It’s definitely summer time on Bonaire! For the next three months we can expect very hot days. While we humans can complain about it, our pets are not gifted with the linguistic ability to tell us how hot they are. As temperatures increase, it is imperative that we keep our pets cool and safe so here are some hot weather pet safety tips to help you do that.
Hot weather pet safety tips
- Do not take your dog on errands in the car. Dogs cool themselves by panting which exchanges warm body temperature for cooler air outside. If the outside air isn’t significantly cooler than their body temp, their cooling system doesn’t work and they can get heatstroke. Studies show that on a 89 degree day(32 C.), temps inside a car (even with windows slightly open) can raise to 109 degrees (43 C.) in 10 minutes and 123 degrees (51 C.) in 30 minutes! Temps in dark colored cars can rise even more, reaching temps of 200 degrees (93 C.)! Is taking your dog with you on an errand worth risking its life?
- Provide constant access to clean cool water at home; ice in their water buckets; a few water bowls in different places. Deep bowls of cool water will stay cool longer than shallow bowls
- Always provide more than one drinking bowl on hot days in case one gets tipped over and keep the bowls in shade so the water can stay as cool as possible.
- Provide shade and shelter from the sun, even if you have provided a kennel/dog house, it must be in a shaded place.
- Provide a small paddle pool for your dogs, and for cats a couple wet towels on the floor for it to cool down on if required.
- Freeze large containers of water (in ice cream containers) to make big ice blocks for dogs to play with and chew on or put in the dog or cat’s water bowl. This helps to keep them cool and hydrated. “Pupsicles” will also keep dogs happy and entertained, frozen chicken or beef broth popsicles.
- Don’t take your animal out for a walk unless early morning or late in the day. If the asphalt/pavement is too hot for your bare feet, well guess what — it’s too hot for your dog’s paws and can burn them. Always check the asphalt/pavement with your bare feet before walking your dog. If the outside temperature is 86 F. (30 C.), the asphalt is 135 F. (57 C.). Do not over exercise active dogs, limit play to short periods.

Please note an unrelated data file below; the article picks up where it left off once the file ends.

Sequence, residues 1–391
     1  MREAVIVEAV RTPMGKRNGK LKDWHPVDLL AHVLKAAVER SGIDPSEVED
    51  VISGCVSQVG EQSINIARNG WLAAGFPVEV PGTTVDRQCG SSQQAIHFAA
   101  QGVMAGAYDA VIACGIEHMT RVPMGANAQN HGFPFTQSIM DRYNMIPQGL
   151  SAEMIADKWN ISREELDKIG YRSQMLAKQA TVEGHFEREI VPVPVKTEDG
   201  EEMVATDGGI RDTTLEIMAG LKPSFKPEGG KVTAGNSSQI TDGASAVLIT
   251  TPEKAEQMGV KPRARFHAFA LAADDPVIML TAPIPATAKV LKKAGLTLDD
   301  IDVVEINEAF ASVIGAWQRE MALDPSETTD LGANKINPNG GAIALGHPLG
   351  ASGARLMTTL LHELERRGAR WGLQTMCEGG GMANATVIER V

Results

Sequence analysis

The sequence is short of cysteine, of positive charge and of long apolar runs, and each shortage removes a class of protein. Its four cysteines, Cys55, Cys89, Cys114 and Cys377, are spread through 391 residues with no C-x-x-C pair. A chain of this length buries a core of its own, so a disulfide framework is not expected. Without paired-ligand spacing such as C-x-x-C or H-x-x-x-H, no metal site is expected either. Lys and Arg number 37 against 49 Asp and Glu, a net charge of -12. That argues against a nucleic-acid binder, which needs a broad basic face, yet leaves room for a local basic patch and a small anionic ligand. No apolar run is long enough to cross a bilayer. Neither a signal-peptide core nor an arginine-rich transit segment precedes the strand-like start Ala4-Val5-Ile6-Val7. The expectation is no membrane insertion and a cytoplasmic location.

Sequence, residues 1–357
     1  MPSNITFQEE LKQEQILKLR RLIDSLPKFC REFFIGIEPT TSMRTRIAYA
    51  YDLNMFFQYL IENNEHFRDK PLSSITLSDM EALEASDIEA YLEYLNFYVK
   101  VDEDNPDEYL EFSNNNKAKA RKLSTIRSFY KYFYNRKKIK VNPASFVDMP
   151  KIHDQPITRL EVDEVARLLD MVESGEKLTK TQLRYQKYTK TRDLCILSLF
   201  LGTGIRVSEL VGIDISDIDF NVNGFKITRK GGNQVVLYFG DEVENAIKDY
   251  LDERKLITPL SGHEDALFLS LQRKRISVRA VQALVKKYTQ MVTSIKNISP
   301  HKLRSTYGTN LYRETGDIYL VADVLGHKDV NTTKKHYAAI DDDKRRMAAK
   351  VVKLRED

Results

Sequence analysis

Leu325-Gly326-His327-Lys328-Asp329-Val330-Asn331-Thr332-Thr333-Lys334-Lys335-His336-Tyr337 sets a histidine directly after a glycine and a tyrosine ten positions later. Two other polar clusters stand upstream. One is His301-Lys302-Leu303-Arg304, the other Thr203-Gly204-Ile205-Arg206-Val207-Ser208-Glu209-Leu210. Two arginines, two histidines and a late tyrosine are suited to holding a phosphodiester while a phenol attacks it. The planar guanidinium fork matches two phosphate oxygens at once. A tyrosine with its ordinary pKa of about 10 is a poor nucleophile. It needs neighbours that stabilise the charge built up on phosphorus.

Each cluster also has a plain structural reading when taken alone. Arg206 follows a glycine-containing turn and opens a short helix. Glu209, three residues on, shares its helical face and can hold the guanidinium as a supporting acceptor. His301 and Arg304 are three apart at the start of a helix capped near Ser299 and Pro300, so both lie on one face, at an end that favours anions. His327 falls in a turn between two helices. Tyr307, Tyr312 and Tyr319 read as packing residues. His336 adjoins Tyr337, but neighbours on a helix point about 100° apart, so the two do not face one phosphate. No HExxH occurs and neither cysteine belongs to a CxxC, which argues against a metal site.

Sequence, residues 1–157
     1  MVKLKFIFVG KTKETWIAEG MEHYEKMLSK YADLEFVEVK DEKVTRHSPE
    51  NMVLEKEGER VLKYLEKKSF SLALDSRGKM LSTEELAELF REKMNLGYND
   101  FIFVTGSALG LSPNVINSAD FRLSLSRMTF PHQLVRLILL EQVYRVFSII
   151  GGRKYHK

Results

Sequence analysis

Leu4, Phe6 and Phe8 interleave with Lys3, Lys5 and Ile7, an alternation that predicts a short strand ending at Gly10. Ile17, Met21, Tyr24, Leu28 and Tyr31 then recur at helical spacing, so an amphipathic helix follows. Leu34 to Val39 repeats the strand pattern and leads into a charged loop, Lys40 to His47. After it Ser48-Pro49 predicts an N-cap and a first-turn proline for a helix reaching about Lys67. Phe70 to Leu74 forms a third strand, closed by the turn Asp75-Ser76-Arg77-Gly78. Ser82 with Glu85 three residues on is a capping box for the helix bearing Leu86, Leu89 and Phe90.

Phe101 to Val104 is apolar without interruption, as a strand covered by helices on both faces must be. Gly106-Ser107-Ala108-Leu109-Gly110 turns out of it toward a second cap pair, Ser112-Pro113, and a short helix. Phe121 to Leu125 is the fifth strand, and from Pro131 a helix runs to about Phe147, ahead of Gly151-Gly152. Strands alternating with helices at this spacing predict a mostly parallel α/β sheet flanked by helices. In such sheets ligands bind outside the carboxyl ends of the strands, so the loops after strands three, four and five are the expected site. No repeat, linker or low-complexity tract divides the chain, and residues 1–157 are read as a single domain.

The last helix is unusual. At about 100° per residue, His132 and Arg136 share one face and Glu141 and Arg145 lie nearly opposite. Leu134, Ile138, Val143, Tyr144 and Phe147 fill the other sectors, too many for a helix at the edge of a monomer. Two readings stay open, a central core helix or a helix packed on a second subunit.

- Put wet towels down for your pets or fill a small drink bottle with cold water and leave it in the freezer overnight. In the morning, wrap the bottle in a towel and put it in your pet’s favorite lounging spot.
- Most animals just relax and sleep in the heat – they may be grumpy so give them lots of time out. Instruct children to also allow them to rest
- Cats are a lot more tolerant to heat than dogs but will pant to take on cooler air if they are particularly hot. Heavy panting can be cause for concern so you must act fast, wrap them in a cool, wet towel and seek veterinary advice.
- Pay attention to your pet’s feet. Cats and dogs have their sweat glands on their paws. If your pet is leaving wet paw prints, it is sweating and will need to replenish its fluids. You can try cooling it down by dipping its paws in water, but with some cats this may not be appreciated!
- Apply pet sunscreen if your dog or cat has a light-colored nose or ears. Mammals burn just like humans, and can even develop skin cancer. Be sure the sunscreen is safe for animals.
- Elevate your pet’s bed. Cloth-covered plastic frames with short legs will allow your pet to sleep in comfort during hot weather, and the air passing under the bed will help keep your pet cool.
- Do you suspect heatstroke? If you think your pet has overheated, place cool (not ice cold, as this can do more harm!), wet washcloths on his head and neck, and cool compresses on his belly and under his back legs. Call your vet’s office immediately and seek their advice about next steps. Heatstroke can quickly lead to coma, cardiac arrest, and death, so don’t hesitate to seek veterinary attention as soon as possible.